A couple years back, a good friend of mine told me that I should really check out the music of Arthur Russell. It was just about that time that Audika had re-released the brilliant World Of Echo, and I fell in love with the downright timeless release. After that, I sought out other work of his, and began to appreciate his wide range of largely under-appreciated music, sadly long after he was already gone. He was an artist who could create something as funky as the disco hit "It's All Over My Face," as beguiling as Calling Out Of Context, and as devastating as the aforementioned World Of Echo. When it was announced that Audika was combing through his hundreds of unreleased tapes, I held my breath in anticipation.
First Thought, Another Thought is the latest release in a long line of re-issues of Russell's work, and it's also the first batch of which is instrumental. If you've followed Russell to date, it might be the most confusing as well, but there are still treasures to behold in this sprawling 2CD set of work. Some of the work has already been released in limited forms, but it's the unreleased music that's really the standouts here. Originally composed back in 1974, "Instrumentals Volume 1" (which is actually ten different pieces) was envisioned as a 48-hour musical cycle to accompany the nature photos of Yuko Nonomura. On the release, the ten pieces feel somewhat rough, usually starting with a count-in and often ending just as they seem like they're getting going. That said, they're absolutely stunning in places. with lovely percussion, horns, guitars, and a loose improvisational feel that bleeds them all together into one uplifting suite of gentle music that sounds like the perfect soundtrack to a sunny, temperate morning.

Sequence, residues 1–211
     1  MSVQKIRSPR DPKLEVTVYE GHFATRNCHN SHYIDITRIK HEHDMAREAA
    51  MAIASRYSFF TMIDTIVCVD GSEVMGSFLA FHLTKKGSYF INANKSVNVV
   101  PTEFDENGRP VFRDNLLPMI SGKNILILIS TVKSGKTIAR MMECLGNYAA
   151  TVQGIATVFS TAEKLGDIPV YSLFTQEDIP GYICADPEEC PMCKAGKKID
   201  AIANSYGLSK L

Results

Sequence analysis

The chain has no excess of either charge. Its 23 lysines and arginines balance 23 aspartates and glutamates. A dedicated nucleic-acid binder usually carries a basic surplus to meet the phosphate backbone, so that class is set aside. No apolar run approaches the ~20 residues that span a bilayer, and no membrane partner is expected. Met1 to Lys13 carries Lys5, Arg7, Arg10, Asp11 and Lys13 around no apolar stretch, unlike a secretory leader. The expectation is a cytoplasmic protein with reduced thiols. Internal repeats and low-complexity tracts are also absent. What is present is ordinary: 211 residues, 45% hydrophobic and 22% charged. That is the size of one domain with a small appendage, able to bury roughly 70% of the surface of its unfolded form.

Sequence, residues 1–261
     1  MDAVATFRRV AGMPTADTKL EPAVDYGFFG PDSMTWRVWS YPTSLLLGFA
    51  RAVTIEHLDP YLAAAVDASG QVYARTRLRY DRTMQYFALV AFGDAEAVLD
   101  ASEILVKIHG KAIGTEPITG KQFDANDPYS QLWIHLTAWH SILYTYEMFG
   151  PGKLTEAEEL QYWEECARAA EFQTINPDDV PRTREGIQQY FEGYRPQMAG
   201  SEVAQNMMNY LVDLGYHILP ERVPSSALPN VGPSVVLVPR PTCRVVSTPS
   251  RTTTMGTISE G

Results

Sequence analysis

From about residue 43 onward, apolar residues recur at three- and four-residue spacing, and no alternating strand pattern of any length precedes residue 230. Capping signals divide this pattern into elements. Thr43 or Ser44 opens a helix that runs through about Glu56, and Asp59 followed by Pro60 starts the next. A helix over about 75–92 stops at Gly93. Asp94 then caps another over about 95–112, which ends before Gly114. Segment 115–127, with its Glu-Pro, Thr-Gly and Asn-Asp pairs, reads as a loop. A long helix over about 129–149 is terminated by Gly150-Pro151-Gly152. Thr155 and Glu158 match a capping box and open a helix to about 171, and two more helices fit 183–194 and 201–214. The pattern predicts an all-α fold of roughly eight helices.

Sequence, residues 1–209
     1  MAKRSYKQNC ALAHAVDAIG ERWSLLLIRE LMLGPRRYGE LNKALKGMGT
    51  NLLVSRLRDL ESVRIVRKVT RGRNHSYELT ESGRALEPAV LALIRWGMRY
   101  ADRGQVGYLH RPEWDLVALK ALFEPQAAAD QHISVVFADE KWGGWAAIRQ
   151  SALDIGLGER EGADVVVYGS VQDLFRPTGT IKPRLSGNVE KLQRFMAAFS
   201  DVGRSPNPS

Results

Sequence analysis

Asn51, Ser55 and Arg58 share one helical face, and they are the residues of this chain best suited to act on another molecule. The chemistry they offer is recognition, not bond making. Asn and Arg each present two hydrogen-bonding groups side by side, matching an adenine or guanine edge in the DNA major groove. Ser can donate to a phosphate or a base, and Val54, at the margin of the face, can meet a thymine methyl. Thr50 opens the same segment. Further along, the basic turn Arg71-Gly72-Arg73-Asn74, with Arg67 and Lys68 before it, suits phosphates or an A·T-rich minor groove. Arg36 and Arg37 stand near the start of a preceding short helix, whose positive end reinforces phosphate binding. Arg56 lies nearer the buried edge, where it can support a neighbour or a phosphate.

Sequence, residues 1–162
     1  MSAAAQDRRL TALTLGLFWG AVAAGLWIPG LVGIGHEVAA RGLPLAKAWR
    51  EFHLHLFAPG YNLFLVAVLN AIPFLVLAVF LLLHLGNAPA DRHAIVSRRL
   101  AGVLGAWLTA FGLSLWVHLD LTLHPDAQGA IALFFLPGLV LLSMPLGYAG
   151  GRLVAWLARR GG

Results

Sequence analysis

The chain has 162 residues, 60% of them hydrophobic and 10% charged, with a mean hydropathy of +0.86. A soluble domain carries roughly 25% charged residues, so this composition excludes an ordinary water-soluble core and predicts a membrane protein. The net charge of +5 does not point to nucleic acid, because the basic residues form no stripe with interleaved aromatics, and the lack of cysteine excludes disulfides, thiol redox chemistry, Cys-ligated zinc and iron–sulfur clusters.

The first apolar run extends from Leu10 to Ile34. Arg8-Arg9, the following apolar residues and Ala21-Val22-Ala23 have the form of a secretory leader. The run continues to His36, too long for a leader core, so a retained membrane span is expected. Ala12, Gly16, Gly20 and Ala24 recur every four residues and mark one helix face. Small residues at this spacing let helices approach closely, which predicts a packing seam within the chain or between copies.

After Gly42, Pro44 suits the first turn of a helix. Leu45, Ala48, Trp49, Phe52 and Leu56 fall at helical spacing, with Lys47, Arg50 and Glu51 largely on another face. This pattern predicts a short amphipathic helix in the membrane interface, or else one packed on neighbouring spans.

"Instrumentals Volume 2" shifts pretty dramatically in feel, dispensing with percussion after the opening piece and evolving into longer, droning pieces that incorporate horns and overlapping tones in a much more dour way. The long "Reach One," which closes the first disc, seems to be an even further extension of that idea, with reverberating Rhodes organ notes pushing outward over a bleak landscape.
The second disc of the set continues with some of his more experimental work, and "Tower Of Meaning" (which comprises seven tracks and over forty minutes) continues with a more droning, textural feel, and a gloominess that's just plain hard to shake. Tracks end abruptly, due to lost master tapes, and the result is something that's devastating at times, yet slightly frustrating in execution. "Sketch For The Face Of Helen" goes even further, mixing a field recording of a tugboat firing up with some minimal electronics that sounds far ahead of its time. While it's definitely not his best work to date, First Thought, Best Thought is another entry in what will hopefully be a continuing unearthing of material from the intriguing, stylistically-varied, and amazing Arthur Russell.